Kokonut Koalition – Donate or Volunteer

You can support them with a donation or by volunteering at one of their Trail Days. The Kokonut Koalition’s dedication to maintaining the trail highlights the community’s commitment to preserving its legacy. 

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After your hike – what to see nearby

After conquering the Koko Head hike, you may be wondering what else this stunning part of Oahu has to offer. Or, you might just want a nap and an ice bath.

But let’s assume you’re up for more fun while you’re in the area. The good news is the adventure doesn’t have to end with the hike, there are several fun things to do nearby. 

If you’re interested in Hawaiian flora and fauna (and your legs are not totally done for the day), you’ll love the Koko Crater Botanical Garden. Here, a 2-mile self-guided loop winds through 60 acres of Hawaiian plants including an aromatic plumeria garden. 

If you couldn’t get enough of the panoramic views of Hanauma Bay during the hike, go get a closer look. Many hikers combine their visit to Koko Head with a trip to nearby Hanauma Bay for snorkeling or to simply relax at the beach after the rigorous climb. 

Not only does Hanuama Bay offer some of the best snorkeling in Hawaii, but its crystal-clear waters and abundant marine life make it an unforgettable place to visit.

Unfortunately, you do need a reservation for Hanauma Bay so it’s tough to combine it with the Koko Head hike. However, it’s not impossible. Just give yourself at least 2 hours for the hike before your Hanauma Bay reservation time.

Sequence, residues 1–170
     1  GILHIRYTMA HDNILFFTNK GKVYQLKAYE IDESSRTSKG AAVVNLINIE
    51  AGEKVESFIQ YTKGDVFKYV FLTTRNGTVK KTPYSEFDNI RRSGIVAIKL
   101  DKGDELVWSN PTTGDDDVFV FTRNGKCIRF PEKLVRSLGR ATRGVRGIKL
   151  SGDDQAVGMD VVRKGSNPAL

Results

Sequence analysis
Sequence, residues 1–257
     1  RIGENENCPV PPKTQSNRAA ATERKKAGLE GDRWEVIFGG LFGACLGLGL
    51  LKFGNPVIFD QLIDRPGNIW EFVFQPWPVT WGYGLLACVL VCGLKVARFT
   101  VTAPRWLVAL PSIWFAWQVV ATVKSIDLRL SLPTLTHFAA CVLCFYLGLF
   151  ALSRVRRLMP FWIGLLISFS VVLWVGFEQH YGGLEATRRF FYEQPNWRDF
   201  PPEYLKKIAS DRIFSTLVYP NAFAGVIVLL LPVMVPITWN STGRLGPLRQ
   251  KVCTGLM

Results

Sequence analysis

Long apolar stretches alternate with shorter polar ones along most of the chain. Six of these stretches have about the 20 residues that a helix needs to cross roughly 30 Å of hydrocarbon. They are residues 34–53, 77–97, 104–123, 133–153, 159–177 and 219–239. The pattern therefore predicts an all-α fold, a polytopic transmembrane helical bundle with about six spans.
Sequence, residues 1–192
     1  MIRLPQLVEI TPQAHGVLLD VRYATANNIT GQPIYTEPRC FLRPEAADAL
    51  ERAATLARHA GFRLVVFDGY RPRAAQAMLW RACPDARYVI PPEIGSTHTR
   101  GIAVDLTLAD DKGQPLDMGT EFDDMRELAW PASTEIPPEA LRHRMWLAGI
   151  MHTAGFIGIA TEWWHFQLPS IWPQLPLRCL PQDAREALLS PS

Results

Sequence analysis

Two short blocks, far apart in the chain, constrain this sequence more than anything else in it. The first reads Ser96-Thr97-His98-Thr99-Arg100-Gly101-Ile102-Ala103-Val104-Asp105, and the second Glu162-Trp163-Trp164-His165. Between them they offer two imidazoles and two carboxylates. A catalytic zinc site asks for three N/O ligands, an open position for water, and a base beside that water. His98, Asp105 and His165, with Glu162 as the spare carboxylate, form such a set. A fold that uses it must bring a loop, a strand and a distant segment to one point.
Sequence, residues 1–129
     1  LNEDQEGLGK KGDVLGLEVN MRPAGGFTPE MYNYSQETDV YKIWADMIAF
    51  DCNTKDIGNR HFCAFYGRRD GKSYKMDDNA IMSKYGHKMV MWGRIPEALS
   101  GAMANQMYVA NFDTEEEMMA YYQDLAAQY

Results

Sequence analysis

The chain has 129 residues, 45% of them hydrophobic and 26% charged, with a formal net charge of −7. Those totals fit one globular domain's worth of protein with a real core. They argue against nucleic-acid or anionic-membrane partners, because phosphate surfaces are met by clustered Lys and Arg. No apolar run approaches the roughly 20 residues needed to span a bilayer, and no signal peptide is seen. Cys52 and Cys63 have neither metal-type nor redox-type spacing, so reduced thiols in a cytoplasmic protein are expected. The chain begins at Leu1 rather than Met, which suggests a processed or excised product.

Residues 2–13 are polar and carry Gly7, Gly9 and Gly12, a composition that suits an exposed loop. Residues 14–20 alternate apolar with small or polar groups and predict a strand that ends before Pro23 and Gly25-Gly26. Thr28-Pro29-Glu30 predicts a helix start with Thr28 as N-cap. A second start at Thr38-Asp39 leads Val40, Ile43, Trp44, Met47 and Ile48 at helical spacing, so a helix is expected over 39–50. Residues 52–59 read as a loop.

Here’s more information on how to score a good reservation time at Hanauma Bay and what to bring for your day: 

The Foolproof Guide to Hanauma Bay for Snorkeling

An easier option after your hike is a visit to the Halona Blowhole. This one is just a delightful lookout point so it’s the perfect amount of post-hike effort.

After that, continue your drive along Oahu’s scenic Windward coast to the Makapu’u Lighthouse lookout (if you’re still feeling athletic there’s also the fantastic Makapu’u Lighthouse Trail hike).

Or just head back toward Waikiki and stop in lovely Hawaii Kai for lunch. The Kona Brewing Hawaii Kai location is a great choice for water views.  

If you did the hike for sunrise and now you’re ready for breakfast, head straight for one of my favorite Waikiki breakfast spots:

7 Divinely Delicious Waikiki Breakfast Spots You Can’t Miss

The Koko Head Hike is a unique and memorable experience and one of the most popular hikes on Oahu. Whether you’re an avid hiker or just looking for a good workout, the Koko Head Crater Trail delivers with its stunning views and demanding ascent.